The British were in control of Manhattan and Long Island after capturing both the previous winter. The Americans surrounded the area, while the British sent soldiers on foraging missions to attack American supply posts and gather food. One such raid into Danbury, Connecticut had destroyed a large supply of American provisions in April. Connecticut Brigadier General Samuel Holden Parsons planned a retaliatory raid against Sag Harbor.

           

Control of the mission fell to Colonel Return Jonathan Meigs (yes, his first name was Return), who left Guilford, Connecticut on the night of May 23 with around 170 men. They sailed in whaleboats across Long Island Sound and landed near Southold, New York around 6 in the evening. They carried their boats overland and then sailed across Little Peconic Bay to Sag Harbor. Serendipitously, most of the British soldiers in the area had been ordered to New York City and less than 100 Loyalists were left guarding the port and the fort on Meeting House Hill.

 

Meigs split his men into two groups and over the next 24 hours, they attacked the fortifications on Meeting House Hill and the port. The first half stormed Meeting House Hill with bayonets drawn and captured 53 prisoners with only a single shot fired. The second group went to the harbor and began to burn British boats. They were fired on by a British schooner, but were successful in burning 12 British boats and taking another 37 prisoners. In all, 90 Loyalists were captured and taken back to Connecticut and 6 were killed, while the patriots had none killed or injured.

 

The Battle of Sag Harbor (also called Meigs’ Raid) was an important morale booster for the American rebels. It was the first American victory in New York after Long Island and Manhattan Island were captured and proved that the Americans could defeat the British. It also sent a message to Loyalist supporters of the Crown that there was a price to pay for going against their patriot brethren.

 

For his bravery, Colonel Meigs received a commemorative sword from the Continental Congress, one of only 15 such awards given during the entire war. Meigs would later be involved in putting down a mutiny in the 6th Connecticut Regiment that would earn him a written thank you from George Washington. After the war, Meigs would become a settler in the newly opened Northwest Territory and be a US government agent to the Cherokee Nation in Tennessee.

 

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Jack Manning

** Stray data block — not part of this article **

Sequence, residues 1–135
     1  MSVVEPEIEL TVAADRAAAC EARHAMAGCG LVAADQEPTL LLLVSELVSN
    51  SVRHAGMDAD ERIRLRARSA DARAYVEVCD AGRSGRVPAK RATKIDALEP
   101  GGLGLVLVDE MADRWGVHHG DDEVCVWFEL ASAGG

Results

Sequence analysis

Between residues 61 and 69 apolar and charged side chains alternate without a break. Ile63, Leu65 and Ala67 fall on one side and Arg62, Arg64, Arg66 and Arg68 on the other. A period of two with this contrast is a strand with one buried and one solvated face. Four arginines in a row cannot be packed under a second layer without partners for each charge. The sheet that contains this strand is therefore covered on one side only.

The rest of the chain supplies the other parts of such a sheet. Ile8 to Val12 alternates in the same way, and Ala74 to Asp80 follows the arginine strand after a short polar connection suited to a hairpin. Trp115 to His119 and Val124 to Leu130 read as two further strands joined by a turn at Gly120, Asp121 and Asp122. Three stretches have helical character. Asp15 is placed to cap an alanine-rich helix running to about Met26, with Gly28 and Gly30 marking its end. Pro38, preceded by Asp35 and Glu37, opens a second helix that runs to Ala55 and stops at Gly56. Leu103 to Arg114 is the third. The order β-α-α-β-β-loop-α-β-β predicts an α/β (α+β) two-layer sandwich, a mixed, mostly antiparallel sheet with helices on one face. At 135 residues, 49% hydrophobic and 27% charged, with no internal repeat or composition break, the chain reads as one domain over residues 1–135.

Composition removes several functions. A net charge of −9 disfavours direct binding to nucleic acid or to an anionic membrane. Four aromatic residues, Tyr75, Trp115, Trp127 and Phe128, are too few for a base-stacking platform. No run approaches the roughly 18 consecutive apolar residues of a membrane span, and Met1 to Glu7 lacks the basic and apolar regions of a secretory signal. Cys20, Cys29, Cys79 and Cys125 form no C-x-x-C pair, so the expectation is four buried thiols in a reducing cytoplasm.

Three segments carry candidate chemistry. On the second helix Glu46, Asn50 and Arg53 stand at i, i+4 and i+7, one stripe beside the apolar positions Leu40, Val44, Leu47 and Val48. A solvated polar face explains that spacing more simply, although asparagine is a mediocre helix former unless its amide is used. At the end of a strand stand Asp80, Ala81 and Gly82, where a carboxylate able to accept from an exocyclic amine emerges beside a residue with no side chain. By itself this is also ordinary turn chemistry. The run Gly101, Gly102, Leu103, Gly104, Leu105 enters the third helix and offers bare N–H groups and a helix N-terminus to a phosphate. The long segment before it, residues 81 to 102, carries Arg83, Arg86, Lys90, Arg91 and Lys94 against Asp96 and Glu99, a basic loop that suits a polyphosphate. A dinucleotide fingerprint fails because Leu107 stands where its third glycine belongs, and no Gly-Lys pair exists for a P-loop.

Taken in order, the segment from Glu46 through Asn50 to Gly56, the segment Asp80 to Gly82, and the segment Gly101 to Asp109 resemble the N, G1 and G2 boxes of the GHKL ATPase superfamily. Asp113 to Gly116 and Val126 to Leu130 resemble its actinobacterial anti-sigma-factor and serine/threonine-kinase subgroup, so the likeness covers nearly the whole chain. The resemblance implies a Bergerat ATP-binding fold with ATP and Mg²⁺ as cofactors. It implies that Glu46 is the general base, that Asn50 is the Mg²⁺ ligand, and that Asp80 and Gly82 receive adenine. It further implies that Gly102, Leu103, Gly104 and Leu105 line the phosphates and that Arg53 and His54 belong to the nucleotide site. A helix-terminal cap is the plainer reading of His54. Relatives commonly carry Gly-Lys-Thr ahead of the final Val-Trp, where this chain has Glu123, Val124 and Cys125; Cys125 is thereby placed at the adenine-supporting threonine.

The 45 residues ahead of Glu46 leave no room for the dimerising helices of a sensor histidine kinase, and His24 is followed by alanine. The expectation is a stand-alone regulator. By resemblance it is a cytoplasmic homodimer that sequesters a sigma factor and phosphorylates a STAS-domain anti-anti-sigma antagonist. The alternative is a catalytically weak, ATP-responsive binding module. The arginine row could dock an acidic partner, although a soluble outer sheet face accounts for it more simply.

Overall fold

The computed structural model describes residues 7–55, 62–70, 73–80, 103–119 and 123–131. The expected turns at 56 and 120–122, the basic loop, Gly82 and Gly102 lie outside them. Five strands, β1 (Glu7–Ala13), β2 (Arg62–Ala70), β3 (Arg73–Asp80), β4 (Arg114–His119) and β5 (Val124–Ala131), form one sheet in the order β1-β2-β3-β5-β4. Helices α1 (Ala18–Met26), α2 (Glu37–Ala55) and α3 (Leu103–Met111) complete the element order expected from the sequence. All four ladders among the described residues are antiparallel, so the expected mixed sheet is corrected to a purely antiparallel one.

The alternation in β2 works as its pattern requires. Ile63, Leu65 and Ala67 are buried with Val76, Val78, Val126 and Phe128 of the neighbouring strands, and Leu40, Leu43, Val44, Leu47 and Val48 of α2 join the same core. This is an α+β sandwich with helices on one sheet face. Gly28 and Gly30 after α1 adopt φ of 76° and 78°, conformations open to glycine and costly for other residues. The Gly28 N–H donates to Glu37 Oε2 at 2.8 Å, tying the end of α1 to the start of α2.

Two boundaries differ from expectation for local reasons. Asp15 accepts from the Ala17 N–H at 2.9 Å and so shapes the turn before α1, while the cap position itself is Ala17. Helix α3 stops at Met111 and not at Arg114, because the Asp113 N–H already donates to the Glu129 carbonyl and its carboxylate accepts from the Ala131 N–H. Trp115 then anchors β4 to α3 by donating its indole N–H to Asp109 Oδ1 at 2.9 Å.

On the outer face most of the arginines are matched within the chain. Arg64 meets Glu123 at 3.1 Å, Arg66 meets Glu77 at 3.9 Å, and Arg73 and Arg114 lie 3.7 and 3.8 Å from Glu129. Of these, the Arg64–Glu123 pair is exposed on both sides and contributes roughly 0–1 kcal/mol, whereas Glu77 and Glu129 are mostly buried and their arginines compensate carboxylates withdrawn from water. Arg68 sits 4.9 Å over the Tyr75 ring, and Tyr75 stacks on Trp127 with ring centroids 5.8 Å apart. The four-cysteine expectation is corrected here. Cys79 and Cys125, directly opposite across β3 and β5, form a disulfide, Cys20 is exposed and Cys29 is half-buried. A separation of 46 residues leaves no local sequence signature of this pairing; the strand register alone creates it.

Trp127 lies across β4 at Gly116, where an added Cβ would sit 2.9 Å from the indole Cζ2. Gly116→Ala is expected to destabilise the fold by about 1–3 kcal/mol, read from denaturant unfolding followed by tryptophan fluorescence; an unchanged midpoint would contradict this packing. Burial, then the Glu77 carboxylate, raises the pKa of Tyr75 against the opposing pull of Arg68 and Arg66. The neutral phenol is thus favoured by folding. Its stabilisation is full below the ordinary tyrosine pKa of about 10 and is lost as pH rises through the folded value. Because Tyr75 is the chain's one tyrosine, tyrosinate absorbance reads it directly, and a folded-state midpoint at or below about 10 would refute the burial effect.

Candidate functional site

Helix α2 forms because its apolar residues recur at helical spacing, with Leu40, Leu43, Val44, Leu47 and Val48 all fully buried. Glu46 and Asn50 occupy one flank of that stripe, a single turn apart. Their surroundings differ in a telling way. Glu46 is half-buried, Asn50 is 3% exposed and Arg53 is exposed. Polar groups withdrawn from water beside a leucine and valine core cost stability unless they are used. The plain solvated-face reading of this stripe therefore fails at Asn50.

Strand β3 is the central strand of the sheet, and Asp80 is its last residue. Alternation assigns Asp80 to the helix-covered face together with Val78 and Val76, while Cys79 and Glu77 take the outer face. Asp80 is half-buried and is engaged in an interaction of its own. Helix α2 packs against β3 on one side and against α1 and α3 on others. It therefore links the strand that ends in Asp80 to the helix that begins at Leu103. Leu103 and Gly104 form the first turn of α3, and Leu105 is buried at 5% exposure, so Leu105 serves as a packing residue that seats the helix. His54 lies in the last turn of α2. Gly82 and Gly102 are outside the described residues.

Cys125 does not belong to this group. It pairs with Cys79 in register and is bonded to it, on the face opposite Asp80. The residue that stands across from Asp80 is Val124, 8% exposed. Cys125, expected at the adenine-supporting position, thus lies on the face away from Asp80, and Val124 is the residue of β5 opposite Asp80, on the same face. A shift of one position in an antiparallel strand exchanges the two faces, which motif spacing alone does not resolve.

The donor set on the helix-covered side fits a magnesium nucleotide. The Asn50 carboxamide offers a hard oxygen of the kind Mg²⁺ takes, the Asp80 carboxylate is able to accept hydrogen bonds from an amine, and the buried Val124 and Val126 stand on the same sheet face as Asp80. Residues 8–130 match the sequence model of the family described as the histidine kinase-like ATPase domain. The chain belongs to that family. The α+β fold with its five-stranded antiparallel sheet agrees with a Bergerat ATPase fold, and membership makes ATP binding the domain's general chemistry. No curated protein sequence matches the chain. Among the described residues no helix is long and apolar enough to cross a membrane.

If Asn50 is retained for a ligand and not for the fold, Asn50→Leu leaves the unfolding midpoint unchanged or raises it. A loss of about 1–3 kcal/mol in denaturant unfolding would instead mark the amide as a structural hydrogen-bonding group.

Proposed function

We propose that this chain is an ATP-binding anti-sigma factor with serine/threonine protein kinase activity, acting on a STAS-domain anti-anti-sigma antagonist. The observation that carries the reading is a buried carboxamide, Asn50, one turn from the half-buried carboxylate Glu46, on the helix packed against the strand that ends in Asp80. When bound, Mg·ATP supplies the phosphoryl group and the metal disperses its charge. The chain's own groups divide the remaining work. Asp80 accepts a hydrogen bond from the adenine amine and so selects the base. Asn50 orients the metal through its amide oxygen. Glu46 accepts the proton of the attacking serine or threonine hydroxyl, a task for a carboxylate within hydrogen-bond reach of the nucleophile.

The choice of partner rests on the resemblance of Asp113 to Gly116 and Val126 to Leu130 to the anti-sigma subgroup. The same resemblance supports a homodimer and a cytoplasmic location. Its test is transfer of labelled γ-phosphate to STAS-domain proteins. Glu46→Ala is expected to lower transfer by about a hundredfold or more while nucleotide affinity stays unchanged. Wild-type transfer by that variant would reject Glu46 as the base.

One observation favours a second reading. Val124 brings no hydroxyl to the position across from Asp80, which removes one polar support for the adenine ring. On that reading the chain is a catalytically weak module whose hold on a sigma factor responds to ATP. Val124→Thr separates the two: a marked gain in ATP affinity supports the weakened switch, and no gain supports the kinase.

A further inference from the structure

President General

2019 – 2021

National Society Sons of the American Revolution

www.sar.org

 

“If the Freedom of Speech is taken away then dumb and silent, we may be led, like sheep to the slaughter.”
George Washington


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Captain James Estill killed at the Battle of Little Mountain

Captain James Estill killed at the Battle of Little Mountain

 

On this day in history, March 22, 1782, Captain James Estill is killed at the Battle of Little Mountain. James Estill had moved to Boonesborough, Kentucky in 1778 at the age of 28 with his brother and his slave Monk, an imposing, but smart man. Estill quickly became a militia captain and built an outpost called Estill’s Station north of Boonesborough where he moved with Monk.

 

1782 was called "The Year of Blood" by Kentucky settlers due to escalated attacks from Indians allied with the British at Fort Detroit. In March, Estill received an order to assemble a search party after signs of a Wyandot war party were noticed near Boonesborough. Estill quickly gathered 40 men who galloped off to search for the Indians, leaving Estill’s Station completely unguarded and full of women, children and a few slaves. Estill was still nursing a wounded arm shot by an Indian bullet the year before, a fact that would be crucial in the battle to come.

           

That same night, 14-year-old Jenny Gass had a dream of climbing a ladder to heaven, which she shared with the other settlers. They were all Christians and took the message as a blessing from heaven. Meanwhile, the Wyandot war party surrounded the station in the night. In the morning, Monk went out to gather firewood, while Jenny and her father’s slave, Dick, went out to gather syrup from maple trees.

 

The Wyandots quickly captured them. Monk persuaded them not to attack the fort, telling them it was fully guarded. Dick managed to escape back to the fort, but Jenny was scalped and killed in full view of the fort, while her horrified mother watched from the ramparts.